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We aren't the ones with a hate problem
How the coronation coverage exposed double standards
To start with, I’ve been well prepared for all this. We’ve been subjected to endless lectures since 2020, in fact some time before then too, about how awful as human beings we are. So yes, I was well prepared for the reactions to the passing of HM Queen Elizabeth II and the coronation of HM King Charles III.
The coverage of the Coronation, in the UK and Australia, has been widely criticised for the promotion of racial identity politics. On top of the hateful and bigoted reactions to the Queen’s passing from those claiming to represent “non-white” voices. The likes of Uju Anya, Karen Attiah, Mehreen Faruqi, Kehinde Andrews and others were laced with the vilest bigotry and hate, but we know they won’t get prosecuted for it.
The last decade has seen a radicalisation of racial politics and the rise of an activist who is angry, hateful and abusive. And as certain parts of the UK show, you don’t have to be non-white to be an abusive tribalist bigot. This is the essence of identity politics, in which aggrieved people demand “respect” but abuse others in the most vicious way. Racialised versions of history are not only revisionism, but often outright fantasy.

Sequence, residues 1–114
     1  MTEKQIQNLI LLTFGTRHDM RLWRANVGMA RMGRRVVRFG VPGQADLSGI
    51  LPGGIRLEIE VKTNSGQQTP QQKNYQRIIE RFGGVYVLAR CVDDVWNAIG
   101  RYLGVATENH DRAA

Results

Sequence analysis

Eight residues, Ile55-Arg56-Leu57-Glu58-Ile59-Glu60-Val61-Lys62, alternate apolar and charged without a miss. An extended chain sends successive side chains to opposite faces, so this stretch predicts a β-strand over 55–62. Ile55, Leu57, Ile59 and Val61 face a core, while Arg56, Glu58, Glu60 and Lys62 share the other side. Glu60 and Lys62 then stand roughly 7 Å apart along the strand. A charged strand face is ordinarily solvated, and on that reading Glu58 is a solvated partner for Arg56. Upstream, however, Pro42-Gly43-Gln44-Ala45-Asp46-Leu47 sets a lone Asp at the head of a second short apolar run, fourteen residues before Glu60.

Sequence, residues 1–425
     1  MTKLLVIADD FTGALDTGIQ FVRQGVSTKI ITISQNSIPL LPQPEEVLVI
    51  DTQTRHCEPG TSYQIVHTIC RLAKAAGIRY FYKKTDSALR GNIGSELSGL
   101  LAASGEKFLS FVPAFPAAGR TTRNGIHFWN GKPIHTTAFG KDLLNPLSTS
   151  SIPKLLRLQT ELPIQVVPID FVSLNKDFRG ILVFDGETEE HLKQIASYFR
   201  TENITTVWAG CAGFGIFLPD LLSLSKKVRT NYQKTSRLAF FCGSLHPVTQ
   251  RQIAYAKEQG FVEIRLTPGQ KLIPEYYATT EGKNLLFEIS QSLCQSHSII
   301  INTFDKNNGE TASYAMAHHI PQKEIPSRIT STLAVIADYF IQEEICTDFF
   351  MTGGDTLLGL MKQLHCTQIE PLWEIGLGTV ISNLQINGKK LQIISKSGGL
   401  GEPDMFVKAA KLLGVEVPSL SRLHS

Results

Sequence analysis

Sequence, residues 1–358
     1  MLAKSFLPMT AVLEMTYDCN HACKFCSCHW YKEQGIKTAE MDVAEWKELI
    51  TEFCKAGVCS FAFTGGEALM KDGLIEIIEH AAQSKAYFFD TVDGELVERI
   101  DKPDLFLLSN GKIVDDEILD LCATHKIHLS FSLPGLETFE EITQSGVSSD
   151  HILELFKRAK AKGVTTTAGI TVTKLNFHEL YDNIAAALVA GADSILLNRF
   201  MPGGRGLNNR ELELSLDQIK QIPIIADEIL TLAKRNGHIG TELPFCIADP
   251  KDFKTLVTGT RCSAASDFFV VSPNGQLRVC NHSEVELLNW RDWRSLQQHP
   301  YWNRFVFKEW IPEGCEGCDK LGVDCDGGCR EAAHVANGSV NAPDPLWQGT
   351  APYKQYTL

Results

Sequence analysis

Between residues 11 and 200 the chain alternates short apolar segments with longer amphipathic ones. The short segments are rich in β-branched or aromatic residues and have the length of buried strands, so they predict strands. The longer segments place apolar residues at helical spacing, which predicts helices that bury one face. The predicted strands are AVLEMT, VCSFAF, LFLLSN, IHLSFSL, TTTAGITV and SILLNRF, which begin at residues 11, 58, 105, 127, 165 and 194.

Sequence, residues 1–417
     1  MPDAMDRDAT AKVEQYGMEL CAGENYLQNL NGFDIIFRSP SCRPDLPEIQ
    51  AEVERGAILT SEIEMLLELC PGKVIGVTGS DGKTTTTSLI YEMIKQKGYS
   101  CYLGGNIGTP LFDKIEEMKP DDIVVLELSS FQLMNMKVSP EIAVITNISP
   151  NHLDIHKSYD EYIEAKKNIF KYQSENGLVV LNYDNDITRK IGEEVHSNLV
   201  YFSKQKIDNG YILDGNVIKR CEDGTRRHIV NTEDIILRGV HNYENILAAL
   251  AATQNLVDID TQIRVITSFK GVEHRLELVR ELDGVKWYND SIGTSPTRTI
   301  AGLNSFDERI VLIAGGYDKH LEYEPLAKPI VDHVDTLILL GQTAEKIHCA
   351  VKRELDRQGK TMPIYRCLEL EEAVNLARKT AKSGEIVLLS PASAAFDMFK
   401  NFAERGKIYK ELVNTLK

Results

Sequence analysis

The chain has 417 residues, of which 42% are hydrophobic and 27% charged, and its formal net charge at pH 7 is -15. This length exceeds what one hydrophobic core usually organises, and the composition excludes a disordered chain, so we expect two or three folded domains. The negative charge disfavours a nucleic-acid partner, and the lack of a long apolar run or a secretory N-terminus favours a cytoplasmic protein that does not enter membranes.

Racial and wider social justice activism is presented as universalist, altruistic and humanitarian. In reality, the base motives of such activism is tribalist at the core. When Ukrainians and Armenians demand recognition for genocide, at least they are honest about their (nationalist) motives for doing so.
None of this is a coincidence. It is a radicalisation project years in the making, heavily funded through transnational networks in academia and NGOs. Any responsible government should investigate funding.
As this and the cases of Sarah Jeong and Saira Rao also illustrate, an open double standard on “hate speech” is endorsed. It’s clear that the definition of “hate speech” has no objectivity whatsover and is purely a political instrument, a means for prosecuting the “wrong” opinions. After all, if prosecuting people for racism and hate was enforced with any consistency, what would that mean for countries like Turkey, Pakistan and Azerbaijan?
Fortunately, there has been a backlash against media coverage of the coronation, but it also opens up uncomfortable questions for whole communities: are they the ones with the REAL “hate problem”, and not the white/Anglo/whoever communities they are vilifying?